Leaders from Silicon Valley technology giants such as Facebook, LinkedIn, Groupon and DropBox will join 20 DREAMers in a 24-hour “hackathon,” or marathon coding session, in the name of comprehensive immigration reform.
The DREAMers, undocumented immigrants who were brought to the U.S. as children, come from around the country, and will include four New Yorkers. They will be advised by tech leaders including Facebook founder Mark Zuckerberg, LinkedIn co-founder Reid Hoffman, Dropbox co-founder Drew Houston and Groupon founder Andrew Mason, on how to come up with tech products that help promote immigration reform.
Patchogue resident and DACA (Deferred Action for Childhood Arrivals) recipient Erick Orellana was brought here from Ecuador when he was three and has been taking computer science classes at Suffolk Community College. He is set to start at Stony Brook next spring.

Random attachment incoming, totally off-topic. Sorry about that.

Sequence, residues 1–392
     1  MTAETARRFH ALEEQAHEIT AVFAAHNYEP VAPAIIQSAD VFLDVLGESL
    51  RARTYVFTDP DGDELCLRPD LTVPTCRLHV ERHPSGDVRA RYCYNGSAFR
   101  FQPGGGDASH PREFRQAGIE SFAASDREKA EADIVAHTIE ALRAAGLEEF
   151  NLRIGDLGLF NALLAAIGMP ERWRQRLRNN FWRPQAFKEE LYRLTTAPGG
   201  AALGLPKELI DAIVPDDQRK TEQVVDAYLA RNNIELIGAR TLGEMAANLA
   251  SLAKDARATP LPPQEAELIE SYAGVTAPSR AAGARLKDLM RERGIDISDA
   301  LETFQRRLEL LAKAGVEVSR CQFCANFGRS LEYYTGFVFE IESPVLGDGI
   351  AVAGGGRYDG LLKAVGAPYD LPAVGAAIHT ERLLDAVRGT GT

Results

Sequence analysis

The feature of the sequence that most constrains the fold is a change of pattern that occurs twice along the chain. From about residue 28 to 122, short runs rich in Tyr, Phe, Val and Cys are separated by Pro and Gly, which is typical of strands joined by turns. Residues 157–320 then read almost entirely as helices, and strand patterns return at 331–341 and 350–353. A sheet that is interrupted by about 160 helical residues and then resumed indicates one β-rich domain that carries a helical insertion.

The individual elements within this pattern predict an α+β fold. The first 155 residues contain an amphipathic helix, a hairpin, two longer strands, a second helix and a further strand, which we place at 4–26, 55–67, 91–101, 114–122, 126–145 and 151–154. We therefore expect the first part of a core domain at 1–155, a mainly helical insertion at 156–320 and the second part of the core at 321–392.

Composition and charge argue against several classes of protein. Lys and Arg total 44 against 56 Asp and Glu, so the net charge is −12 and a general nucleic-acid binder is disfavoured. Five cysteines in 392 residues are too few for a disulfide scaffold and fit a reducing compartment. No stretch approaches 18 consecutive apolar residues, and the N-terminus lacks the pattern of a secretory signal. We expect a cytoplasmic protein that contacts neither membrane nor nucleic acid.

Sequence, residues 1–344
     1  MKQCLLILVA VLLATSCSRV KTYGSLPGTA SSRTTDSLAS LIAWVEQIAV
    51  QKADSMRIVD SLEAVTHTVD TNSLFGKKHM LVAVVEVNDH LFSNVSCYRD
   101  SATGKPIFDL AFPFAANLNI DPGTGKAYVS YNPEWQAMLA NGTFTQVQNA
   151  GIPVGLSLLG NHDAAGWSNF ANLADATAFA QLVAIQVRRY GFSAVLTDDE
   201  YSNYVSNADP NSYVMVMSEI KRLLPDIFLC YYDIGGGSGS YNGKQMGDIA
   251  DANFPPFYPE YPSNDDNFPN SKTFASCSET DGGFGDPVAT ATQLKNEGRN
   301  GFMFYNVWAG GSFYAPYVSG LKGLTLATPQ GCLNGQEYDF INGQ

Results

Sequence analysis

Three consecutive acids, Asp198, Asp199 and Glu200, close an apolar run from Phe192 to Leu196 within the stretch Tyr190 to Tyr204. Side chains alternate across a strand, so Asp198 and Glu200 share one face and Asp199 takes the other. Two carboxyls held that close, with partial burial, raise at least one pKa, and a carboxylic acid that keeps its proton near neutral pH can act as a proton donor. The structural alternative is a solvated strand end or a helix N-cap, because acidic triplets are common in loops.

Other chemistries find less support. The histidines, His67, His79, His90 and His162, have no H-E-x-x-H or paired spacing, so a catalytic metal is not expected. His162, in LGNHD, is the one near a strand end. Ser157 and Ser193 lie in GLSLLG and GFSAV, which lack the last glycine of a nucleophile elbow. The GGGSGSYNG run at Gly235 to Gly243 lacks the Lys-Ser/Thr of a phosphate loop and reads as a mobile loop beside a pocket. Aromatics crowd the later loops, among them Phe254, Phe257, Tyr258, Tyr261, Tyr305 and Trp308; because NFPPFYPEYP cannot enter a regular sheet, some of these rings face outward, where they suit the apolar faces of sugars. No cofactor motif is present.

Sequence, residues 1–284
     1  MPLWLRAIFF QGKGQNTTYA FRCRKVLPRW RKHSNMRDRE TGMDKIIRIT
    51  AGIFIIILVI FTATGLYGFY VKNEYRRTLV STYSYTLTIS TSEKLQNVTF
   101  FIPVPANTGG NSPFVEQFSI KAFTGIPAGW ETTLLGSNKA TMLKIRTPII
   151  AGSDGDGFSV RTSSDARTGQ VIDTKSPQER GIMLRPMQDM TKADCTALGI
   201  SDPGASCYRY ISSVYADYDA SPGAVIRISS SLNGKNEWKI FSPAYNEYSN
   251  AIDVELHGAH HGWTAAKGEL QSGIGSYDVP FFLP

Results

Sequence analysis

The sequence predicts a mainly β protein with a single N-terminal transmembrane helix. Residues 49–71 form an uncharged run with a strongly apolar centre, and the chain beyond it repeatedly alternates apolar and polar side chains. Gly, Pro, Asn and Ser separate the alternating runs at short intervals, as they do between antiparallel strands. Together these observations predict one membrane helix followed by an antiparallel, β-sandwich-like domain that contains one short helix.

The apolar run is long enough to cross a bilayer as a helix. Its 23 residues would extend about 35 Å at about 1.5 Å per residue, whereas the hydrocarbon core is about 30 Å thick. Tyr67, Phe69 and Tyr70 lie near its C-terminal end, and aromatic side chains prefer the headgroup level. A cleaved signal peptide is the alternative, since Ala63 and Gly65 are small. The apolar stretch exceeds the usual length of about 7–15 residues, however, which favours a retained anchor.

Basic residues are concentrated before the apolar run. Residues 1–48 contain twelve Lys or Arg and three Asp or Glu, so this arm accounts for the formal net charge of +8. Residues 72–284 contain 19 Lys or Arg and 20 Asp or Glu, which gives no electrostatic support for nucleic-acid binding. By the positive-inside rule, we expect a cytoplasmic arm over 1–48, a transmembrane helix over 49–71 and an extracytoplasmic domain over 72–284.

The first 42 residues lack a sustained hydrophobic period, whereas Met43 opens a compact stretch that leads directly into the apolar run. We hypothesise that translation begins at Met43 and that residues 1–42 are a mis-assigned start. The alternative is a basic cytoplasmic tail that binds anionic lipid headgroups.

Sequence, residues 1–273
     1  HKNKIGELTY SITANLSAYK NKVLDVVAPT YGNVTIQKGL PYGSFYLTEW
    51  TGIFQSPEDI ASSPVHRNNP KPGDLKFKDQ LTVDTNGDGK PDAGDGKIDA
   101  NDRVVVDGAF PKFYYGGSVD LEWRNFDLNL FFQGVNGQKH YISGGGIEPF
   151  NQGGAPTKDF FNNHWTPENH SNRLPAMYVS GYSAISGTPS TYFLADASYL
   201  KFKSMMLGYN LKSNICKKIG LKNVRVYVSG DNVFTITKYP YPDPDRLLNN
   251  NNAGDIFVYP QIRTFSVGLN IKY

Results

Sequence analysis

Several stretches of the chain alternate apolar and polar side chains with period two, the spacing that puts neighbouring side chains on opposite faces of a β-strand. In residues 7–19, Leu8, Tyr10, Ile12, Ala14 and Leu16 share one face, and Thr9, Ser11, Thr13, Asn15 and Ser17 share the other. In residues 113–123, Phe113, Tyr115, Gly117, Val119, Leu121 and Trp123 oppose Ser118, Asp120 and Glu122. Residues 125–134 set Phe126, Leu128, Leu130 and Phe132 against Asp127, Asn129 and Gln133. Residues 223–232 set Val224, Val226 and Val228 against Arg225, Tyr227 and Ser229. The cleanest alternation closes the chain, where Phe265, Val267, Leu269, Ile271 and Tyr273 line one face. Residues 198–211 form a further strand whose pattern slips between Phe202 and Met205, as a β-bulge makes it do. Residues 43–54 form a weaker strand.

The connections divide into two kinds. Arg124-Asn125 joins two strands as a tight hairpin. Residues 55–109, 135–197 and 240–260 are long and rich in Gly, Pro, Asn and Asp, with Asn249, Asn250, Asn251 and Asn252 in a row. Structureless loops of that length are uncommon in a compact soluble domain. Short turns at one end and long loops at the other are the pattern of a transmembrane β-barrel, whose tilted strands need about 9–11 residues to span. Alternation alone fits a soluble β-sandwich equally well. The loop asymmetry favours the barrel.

“Ever since I can remember I was always interested in this – that’s what I’m known for by my family and friends, everyone,” Orellana told the New York Daily News.
The 20 DREAMers will be split into four groups and will take part in a 24-hour marathon coding session. One group’s idea is a mobile app that lets users search for people in immigration detention, along with an online anti-deportation campaign. Another group plans to build a mobile app that will tell people who their representatives are in Washington, where those representatives stand on immigration reform and ways in which people can take action, either by signing a petition or sending a message to their representatives.
The hackathon comes as FWD.us tries to refocus attention on the issue of immigration reform, which has stalled in Washington. Zuckerberg’s group is pushing to reform immigration policy and loosen restrictions on visas for skilled workers such as engineers and scientists.
“We hope that momentum coming from our hackathon — and the technology it creates — can help move immigration reform forward,” FWD.us President Joe Green said in a blog post announcing the hackathon.
Below is a video courtesy of NBC Latino highlighting two of the hackathon’s participants from Arizona.